New fears have been raised for UK car plant workers after reports that Nissan will cut 10,000 jobs globally – more than double the number previously announced – as it seeks to tackle tumbling profits.
The car maker’s plant in Sunderland, which employs nearly 7,000, has already been hit by the news a new model will be built in Japan and not in the UK as planned.
Job cuts, or even plant closure, would be a further hammer blow to Britain’s car industry. A string of car makers have already shed staff and moved production overseas in response to Brexit uncertainty, plummeting sales of diesel-engine vehicles and a slowdown in the key market of China among other problems.
On Wednesday, Reuters reported that Nissan would slash 10,000 jobs as part of a turnaround plan. These include the 4,800 cuts announced in May.
An insider told Reuters that most of the cuts would be at factories outside Japan as they are currently underutilised.
The Sunderland plant fits that description but there has been no official indication from Nissan that UK jobs are at risk.
Nissan did not immediately respond to requests for comment. The Sunderland plant is currently in its annual two-week summer shutdown.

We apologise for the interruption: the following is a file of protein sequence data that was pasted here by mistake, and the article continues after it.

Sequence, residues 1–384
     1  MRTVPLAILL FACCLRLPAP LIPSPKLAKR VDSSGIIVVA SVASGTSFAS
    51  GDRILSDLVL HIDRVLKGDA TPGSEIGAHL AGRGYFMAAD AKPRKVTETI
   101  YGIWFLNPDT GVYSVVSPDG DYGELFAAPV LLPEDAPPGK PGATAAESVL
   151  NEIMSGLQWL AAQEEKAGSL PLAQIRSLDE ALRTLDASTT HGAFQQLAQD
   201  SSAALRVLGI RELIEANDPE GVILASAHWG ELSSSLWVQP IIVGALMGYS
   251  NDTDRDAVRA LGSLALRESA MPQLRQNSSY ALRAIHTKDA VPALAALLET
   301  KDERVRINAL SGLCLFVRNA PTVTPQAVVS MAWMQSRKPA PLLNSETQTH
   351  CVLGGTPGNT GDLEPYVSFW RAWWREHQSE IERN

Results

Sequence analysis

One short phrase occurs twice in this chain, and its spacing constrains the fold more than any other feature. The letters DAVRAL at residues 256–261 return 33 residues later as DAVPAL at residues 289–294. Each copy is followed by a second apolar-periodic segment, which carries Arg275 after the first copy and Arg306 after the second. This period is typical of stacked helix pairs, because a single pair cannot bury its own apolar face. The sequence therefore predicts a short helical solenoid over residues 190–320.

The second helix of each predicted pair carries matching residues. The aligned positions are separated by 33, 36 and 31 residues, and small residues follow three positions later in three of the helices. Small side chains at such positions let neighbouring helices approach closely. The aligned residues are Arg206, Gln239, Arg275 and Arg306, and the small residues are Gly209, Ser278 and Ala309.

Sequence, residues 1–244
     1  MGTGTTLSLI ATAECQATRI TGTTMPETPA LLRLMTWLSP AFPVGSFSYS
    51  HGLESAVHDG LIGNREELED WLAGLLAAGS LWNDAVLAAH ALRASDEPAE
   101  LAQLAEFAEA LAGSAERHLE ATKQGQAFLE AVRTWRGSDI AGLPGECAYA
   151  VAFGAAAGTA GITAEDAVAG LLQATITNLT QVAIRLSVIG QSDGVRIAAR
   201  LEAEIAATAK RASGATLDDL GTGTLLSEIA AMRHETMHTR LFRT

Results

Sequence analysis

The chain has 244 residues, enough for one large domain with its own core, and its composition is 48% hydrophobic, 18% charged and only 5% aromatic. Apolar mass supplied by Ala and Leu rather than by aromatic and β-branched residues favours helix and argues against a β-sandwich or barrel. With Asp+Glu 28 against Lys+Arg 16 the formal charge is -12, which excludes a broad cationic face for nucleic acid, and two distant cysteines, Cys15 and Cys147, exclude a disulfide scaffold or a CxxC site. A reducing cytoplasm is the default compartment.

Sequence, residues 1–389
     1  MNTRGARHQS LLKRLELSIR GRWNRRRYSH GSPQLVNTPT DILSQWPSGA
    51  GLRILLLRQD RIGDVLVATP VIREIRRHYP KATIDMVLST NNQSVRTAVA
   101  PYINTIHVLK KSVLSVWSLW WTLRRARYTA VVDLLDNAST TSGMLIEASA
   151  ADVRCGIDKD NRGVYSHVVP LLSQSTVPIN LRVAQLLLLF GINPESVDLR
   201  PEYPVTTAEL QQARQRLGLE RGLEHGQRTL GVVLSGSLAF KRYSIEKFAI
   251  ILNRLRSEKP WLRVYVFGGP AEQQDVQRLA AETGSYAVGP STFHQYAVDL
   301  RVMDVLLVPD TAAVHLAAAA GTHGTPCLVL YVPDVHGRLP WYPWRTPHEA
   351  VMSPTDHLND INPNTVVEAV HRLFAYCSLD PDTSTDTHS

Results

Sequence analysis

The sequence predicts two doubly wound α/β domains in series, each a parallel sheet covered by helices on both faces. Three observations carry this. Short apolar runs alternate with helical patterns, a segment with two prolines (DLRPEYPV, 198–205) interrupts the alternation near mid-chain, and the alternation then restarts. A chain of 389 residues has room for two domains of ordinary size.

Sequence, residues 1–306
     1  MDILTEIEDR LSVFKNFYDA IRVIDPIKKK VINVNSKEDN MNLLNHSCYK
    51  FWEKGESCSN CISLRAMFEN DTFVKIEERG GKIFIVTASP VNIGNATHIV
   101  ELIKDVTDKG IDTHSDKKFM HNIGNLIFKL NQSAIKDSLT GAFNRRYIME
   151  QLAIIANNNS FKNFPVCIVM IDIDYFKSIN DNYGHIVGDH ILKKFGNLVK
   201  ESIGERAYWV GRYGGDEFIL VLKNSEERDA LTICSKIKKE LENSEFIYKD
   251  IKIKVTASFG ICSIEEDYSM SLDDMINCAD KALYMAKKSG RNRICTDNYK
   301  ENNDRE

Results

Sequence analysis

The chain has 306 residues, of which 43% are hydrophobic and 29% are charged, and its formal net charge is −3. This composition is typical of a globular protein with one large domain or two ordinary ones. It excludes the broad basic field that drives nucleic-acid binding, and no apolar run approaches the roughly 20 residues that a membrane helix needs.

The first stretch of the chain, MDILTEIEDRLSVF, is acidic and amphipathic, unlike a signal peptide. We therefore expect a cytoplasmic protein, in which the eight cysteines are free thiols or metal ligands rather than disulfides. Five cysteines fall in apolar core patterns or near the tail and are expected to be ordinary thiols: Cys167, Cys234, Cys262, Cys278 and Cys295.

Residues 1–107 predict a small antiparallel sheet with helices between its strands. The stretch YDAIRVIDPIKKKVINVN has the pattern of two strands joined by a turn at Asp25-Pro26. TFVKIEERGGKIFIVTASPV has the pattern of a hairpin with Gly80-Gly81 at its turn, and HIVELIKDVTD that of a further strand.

The jobs announcement is expected to come when Nissan reports its latest quarterly earnings on Thursday. When the company last reported earnings in May, it revealed a 57 per cent fall in annual net profits to 319bn yen (£2.4bn) – the lowest since 2009-10.
Nissan produced around 450,000 cars last year in Sunderland, making it one of the UK’s largest vehicle manufacturers. But in March it U-turned on a plan to build its new X-Trail model at the site.
Former Nissan boss Carlos Ghosn had pledged to build the model in Sunderland after assurances from the government about support for investment after Brexit. Mr Ghosn was arrested by Japanese police last year and charged with a number of offences over allegations of misconduct, which he denies.
Following a meeting with Mr Ghosn the UK government allocated more than £40m to build an advanced manufacturing park in Sunderland which supports suppliers for the car giant.
Britain’s car industry is facing a bleak outlook. Production numbers fell for a twelfth successive month in May, leaving output 15.5 per cent lower than a year earlier.
“Twelve consecutive months of decline for UK car manufacturing is a serious concern and underlines yet again the importance of securing a Brexit deal quickly,” said Mike Hawes, chief executive of the industry’s trade body, when the figures were announced last month.
He added: “The ongoing political instability and uncertainty over our future overseas trade relationships, most notably with Europe, is not helping and, while the industry’s fundamentals remain strong, a brighter future is only possible if we secure a deal that can help us regain our reputation as an attractive location for automotive investment.”
Jaguar Land Rover, Honda and Ford have also cut staff numbers in the UK over the past 18 months while Honda and Toyota have issued warnings about the negative impact of a hard Brexit on their presence in the UK.